Repossession: What It Entails
There are many potential credit effects relating to repossession. However, the latter is not exactly something that you will call universal since the laws and procedures governing repossessions vary greatly from state to state. The best way to check about those details is to have local resources of your state or find an attorney to help you.
In general, a lender like a bank can repossess your loan collateral on a secured loan, especially when you are late on paying your bills. There are cases in some states when the lenders are required to provide final notices so that debtors will be given a chance to have a grace period to make up for missed payments. One of the best things to do to ensure this is to check your contract with the lenders or speak directly to them regarding this concern. Otherwise, not settling the debt amount as quickly as possible can make you lose your property like a car or a house in a sale or an auction with the sale and auction process governed by state law. There is also a chance that the lender will take you to court to try and obtain a judgment. When this happens, the judgment for repossession will be taken in public and will reflect back on your credit report which in turn, might damage your credit even further.
So now the big question: how long does a repossession stay on your credit?
It is a point of fact that having a repossession easily makes your credit score take a plunge. This is not a very good sign of financial future since it can make getting loans in the future difficult for you. If you do nothing about the repossession on your credit, it can stay for as long as seven years from the date of the repossession which is still better than the 10 years it takes in the case of bankruptcy. However, there are ways how you can build back your credit after repossession. Also, if you cannot wait for seven long years, there are some steps that you can take as well to remove the repossession on your credit.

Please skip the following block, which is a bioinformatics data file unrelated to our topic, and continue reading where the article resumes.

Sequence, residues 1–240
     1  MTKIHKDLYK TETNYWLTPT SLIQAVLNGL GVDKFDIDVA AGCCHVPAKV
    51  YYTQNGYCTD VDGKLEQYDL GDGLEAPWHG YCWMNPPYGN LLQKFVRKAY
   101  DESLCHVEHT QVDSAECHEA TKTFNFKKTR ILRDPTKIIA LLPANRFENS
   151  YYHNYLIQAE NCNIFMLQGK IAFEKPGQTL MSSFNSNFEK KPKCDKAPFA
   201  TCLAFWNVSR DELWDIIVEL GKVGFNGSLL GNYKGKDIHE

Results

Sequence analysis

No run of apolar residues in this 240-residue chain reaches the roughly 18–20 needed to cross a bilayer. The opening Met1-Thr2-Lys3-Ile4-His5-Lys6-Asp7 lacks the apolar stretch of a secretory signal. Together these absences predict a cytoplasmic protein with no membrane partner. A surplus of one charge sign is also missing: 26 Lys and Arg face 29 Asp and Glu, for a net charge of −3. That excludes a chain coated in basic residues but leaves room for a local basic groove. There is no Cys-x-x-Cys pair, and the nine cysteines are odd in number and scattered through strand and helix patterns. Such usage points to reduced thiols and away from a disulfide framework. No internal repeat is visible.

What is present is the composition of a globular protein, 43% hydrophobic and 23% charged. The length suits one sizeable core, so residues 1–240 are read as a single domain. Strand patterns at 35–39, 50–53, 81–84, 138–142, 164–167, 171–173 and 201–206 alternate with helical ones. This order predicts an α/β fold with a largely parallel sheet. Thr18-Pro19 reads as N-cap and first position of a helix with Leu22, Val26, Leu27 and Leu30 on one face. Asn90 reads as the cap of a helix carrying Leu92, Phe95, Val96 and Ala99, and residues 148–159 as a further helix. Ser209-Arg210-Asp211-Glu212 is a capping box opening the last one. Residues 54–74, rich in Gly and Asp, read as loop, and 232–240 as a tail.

Building back your credit after repossession
One of the reasons why a repossession doesn’t look very well on your credit report is that it gives future lenders an implication that you are more likely to default on making payments compared to those who have a good credit report. No lender favors those who default and having a repossession in your credit record makes your chances of getting a future loan either too low or totally nil. But as you have read earlier, there are ways how you can build back your credit after repossession or totally remove it from your credit. Some of these ways are:
- Deal with the repossession early on – perhaps one of the best things that you can do once repossession occurs with your credit is to pay off any outstanding debt you might have as soon as possible. Some lenders agree to a repayment plan or a debt settlement when you don’t have the money yet to pay the debt upfront just so you don’t have to undergo receiving a negative credit report. In this case, you should ask the debtor to remove the repossession in your credit report since you’re making payments anyway. Not all creditors agree to this since they know the implications of your actions but it’s always worth a try.
- Dispute the repossession; if possible – there are times when a negative report of repossession can be disputed. This can be done when there is an evidence of illegal repossession which happens when state laws are violated. If this is the case, you can send a letter of dispute to credit reporting agencies and request that the repossession report be removed. Usually, it takes 30 days for such agencies to investigate the dispute.
- Avoid repossession in the future – without a doubt, the best way to avoid a repossession the second time around is to build good credit habits. This is not just about making payments on time but being upfront with your creditors when you can’t pay so that you can go with a payment plan or sorts to settle the unpaid balances. Believe it or not but most debtors would rather have you pay than repossess the loan collaterals that you have from them.
Be financially wise: know the law
When it comes to dealing with credit scores, repossessions, and creditors, knowing the law is a definite advantage. State laws regarding repossessions vary and if you know that such laws were violated when your properties were repossessed, then you will have a good enough reason to have the case overturned. You should be aware that some laws require a written notice from creditors which specifies how much you still owe them or that there are repossession laws from some state wherein yelling or swearing is not allowed during repossession. Most of the time, creditors who violate this law and debtors who know what to do with such violations ended up having their dispute become successful and their negative report of repossession removed from their credit.
Given that repossession greatly affects your credit, it is very ideal to put everything in writing, especially when you deal with your creditors. Also, having a bankruptcy attorney or any other legal counselor to help with the repossession will help you understand how to deal with it best.